When You’ve Found Him, Bring Me Word – The Defining Moment: Font and Cross and Star

You'll like at least this about today's message. You get to finish it. I can't. ‘Too big a subject, too little time. So you get to determine how it comes out. (At least you're guaranteed to like the ending. And you get to choose when it's over. I'm off the hook for time.) So, let's get started.

Two weeks and three days ago we greeted Christmas. "Joy to the world, the Lord is come," we sang. "Let earth receive her King!" So, how are we doin' with that? Now that the Christmas stuff's put away, what about Christ? What is the world's, what is our response to Jesus? Arguably, Matthew was the first to ask and answer that question. He pictures the poles, the extremes. On the one hand, the Magi on their camels. "Where is he to be born King of the Jews?" Literally, heaven (the star) has guided them. And their blessed hope is to adore him. On the other hand, there's Herod. He wants to kill Jesus. "When you've found him, bring me word, that I too might come and worship him." NOT! Well, there we have it. How do we host Jesus? Herald him or harm him. Caress him or kill him. Those are the earliest and the most extreme responses to the presence of Christ upon earth. Most of us aren't entirely good at the first. (Our praises have problems.) And we're not entirely innocent of the second. (Our silence and our sin are slow-motion menaces to God's Messiah, God's Anointed One.) Now Matthew's right. From the first, Christ-believers've struggled to relate to those who believe differently, beginning with those who follow David's Star, versus David's Son. His Gospel is aimed at helping the Covenant (Hebrew) People become Christ's people. Maybe a clearer understanding here, between kindred believers, might help us live and share and believe in a world of increasing difference and shrinking borders. Matthew sees it almost as a test case. So let's lean into the conversation between Font and Cross and the Star of David and see what we can see. Of God, of God's Son. Of one another and ourselves. And maybe, just maybe, we might come a little closer to the Kingdom on Earth as in Heaven.

Dealing with difference, in peoples/faiths, always begin with what we share, not what we dispute. It always advances understanding/peace.  A lifetime of dialogue has taught me Christians and our Jewish friends hold four great treasures in common. These can help us talk and live with each other in a respectful, open, even loving way. Here's my list. Both of us who spring from the faith of Abraham (followers of the Font-and-Cross, and David's Star alike): 1) love and serve the Creator God who is the source of all things, 2) believe that God loves us intimately enough to teach and guide us by God's Commands, 3) trust that God holds us accountable for the lives we live, 4) struggle to understand, follow, serve and please God. If not in each of these, in the four held together, this set of convictions sets us apart (that's what holy means, by the way, set apart) from all other belief systems and world views. We are kindred spirits here in a way we are with no other peoples on earth.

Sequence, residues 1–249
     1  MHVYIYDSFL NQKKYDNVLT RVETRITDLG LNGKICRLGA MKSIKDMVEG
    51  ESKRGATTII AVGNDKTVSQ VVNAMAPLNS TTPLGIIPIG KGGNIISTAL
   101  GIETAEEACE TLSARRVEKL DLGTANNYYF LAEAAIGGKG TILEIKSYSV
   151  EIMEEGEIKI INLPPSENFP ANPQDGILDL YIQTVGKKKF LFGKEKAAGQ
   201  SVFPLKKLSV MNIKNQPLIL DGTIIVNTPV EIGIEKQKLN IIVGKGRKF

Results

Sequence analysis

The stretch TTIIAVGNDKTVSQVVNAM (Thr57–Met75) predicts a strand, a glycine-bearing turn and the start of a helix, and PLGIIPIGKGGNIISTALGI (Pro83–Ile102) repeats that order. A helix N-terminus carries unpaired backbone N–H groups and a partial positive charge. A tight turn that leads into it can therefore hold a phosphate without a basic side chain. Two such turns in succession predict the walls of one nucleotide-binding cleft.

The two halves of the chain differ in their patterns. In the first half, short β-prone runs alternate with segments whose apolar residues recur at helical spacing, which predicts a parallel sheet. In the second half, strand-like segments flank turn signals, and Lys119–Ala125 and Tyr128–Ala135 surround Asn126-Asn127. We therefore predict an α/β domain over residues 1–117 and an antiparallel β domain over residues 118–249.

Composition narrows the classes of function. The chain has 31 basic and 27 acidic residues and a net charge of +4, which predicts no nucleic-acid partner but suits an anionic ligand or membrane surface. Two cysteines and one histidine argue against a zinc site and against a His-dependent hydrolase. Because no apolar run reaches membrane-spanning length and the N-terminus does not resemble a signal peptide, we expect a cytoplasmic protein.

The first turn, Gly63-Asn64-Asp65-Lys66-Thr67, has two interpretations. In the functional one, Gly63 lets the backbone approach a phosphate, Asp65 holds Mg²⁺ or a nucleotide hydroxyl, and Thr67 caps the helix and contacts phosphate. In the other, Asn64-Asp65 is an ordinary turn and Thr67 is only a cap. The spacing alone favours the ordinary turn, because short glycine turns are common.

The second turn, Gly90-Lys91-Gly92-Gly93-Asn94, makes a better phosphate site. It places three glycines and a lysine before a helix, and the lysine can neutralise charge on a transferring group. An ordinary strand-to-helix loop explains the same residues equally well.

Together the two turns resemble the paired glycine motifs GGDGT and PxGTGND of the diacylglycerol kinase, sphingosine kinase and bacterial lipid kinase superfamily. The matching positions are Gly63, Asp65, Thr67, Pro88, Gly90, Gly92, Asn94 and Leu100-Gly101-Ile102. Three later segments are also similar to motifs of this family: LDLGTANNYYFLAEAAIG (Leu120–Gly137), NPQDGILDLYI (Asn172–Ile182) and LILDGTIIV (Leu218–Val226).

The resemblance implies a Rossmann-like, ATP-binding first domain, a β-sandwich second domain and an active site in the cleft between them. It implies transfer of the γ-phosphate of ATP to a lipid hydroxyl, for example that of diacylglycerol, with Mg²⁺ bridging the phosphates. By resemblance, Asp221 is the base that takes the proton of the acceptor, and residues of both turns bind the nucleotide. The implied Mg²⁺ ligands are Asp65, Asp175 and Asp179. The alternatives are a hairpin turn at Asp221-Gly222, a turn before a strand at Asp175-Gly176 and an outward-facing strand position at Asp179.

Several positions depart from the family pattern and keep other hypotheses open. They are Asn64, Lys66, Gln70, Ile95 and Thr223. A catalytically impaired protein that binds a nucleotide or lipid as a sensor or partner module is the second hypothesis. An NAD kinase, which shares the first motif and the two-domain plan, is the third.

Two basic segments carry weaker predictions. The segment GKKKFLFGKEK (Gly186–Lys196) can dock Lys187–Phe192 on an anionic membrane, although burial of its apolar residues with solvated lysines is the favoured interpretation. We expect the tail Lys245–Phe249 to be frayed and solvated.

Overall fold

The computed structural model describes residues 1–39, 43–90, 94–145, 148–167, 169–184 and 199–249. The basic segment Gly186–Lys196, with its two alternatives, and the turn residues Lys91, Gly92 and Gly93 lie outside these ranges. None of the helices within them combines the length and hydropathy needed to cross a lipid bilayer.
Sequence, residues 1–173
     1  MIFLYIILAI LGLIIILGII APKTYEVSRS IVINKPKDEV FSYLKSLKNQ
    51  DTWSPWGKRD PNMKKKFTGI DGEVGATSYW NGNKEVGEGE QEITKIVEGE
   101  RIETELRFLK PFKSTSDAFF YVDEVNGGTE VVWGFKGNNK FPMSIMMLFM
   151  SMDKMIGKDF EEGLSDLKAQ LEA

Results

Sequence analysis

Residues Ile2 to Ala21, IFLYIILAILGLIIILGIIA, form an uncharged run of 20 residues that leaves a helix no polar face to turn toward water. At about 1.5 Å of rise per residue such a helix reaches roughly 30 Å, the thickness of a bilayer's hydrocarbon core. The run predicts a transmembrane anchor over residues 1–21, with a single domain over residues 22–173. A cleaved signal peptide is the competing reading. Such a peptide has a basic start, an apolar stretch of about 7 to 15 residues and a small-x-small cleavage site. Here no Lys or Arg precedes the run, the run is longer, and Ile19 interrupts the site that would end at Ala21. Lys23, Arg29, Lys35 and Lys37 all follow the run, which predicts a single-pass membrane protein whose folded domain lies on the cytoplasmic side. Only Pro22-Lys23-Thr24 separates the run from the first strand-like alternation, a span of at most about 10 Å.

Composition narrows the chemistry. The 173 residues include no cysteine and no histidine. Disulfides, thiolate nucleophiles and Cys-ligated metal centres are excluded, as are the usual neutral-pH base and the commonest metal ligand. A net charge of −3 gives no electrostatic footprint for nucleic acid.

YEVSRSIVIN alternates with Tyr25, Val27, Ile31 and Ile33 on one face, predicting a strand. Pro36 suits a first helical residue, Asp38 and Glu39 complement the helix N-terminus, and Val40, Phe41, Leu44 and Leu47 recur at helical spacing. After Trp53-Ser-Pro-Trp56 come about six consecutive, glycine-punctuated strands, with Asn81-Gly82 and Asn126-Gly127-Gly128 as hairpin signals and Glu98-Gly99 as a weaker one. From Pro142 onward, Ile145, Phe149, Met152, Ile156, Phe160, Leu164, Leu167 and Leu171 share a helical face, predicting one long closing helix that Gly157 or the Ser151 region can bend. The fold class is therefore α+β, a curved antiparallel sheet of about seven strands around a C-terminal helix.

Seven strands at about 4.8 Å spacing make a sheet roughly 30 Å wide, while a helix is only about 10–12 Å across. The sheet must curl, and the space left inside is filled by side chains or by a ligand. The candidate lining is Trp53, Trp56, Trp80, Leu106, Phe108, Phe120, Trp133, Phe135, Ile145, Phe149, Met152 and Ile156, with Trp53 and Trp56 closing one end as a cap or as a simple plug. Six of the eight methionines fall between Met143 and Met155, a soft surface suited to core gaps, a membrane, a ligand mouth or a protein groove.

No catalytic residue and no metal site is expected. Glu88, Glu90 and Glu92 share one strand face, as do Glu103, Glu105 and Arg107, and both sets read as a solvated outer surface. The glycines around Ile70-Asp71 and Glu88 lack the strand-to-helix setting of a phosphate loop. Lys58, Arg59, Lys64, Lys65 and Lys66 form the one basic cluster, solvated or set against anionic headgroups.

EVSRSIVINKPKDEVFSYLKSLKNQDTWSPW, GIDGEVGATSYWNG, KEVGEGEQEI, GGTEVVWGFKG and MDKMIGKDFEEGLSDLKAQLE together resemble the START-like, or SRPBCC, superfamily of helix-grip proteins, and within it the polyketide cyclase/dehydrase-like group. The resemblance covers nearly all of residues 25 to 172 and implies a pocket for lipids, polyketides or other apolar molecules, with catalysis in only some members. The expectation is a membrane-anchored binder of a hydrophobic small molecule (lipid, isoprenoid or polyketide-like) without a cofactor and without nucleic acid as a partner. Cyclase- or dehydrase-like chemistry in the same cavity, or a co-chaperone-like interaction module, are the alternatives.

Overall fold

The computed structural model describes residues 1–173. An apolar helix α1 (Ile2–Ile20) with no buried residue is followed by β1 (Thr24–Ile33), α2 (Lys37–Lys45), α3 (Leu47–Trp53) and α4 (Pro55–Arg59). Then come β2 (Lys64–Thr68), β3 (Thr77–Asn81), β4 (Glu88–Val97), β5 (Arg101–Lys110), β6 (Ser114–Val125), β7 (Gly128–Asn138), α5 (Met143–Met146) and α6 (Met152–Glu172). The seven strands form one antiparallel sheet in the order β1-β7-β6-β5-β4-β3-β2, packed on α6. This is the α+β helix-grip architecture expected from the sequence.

Begin with what we share, not what we dispute. Jesus spends his earthly ministry in large measure trying to help Hebrew souls be more Hebraic. Helping Jews be more Jewish! God is Creator, Father in Charge, the only one in position or with permission to judge. This life has meaning and purpose. We're not a cosmic accident, but a divine enterprise, set here to reflect, represent and glorify God! That's how to be a light to non-believers. And a glory as God's chosen people. For Jesus, to stray from this is to live outside the Covenant Community. To live by this is to be grafted into this sacred faith-following family. This is why we find Jesus beside the River Jordan today. Christ is not baptized because he is a sinner in need of repentance. He asks John's baptism to place himself publicly in the community of the Creator-Father. By the waters he says God's story is my story. His love my love. His purpose my purpose. His pleasure my praise. Mark's Gospel, written earlier than Matthew's has only Jesus hear God's words, "You are my beloved son." But Matthew let's us all be witnesses. "This is my beloved Son," Therfore, we are to listen to him! God is our guide, says Jesus. So be true. "I don't come to rescind the law but to fulfill it down to the last jot and tittle. But I don't expect you to swallow it. I expect you to engage it, wrestle with it, make it your own and yourself God's own." Christ's classic formula, "You have heard it said of old… but I say unto you…." And God will hold us accountable. Even (though singularly to say, "Better for that soul that he had not been born…" In all this Rabbi Jesus teaches Christ-ian and Jew alike. Hallelujah.